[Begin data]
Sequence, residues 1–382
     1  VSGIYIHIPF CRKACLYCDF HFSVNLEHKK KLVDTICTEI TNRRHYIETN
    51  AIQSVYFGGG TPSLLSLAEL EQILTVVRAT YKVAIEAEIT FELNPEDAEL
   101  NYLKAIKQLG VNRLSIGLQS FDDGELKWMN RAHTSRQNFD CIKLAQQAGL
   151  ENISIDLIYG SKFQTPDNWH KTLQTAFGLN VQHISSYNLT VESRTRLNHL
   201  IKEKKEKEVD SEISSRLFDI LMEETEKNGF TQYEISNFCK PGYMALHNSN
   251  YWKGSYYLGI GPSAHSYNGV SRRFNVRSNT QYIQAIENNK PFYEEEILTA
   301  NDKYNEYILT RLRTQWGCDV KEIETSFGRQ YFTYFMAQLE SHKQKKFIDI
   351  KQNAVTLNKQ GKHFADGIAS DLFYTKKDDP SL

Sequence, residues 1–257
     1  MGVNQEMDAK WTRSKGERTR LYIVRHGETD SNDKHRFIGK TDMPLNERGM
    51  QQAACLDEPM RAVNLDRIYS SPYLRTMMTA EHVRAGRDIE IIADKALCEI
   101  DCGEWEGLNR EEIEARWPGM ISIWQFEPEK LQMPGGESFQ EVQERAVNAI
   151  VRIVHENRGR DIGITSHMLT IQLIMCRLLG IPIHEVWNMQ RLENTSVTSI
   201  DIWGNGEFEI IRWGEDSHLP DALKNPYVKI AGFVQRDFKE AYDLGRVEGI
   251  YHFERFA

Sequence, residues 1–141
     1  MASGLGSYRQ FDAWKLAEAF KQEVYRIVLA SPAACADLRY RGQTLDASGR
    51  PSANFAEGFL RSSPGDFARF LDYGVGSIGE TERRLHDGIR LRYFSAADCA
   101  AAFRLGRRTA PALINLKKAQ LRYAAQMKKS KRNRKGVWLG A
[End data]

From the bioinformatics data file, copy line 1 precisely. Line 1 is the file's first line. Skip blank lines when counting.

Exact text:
Sequence, residues 1–382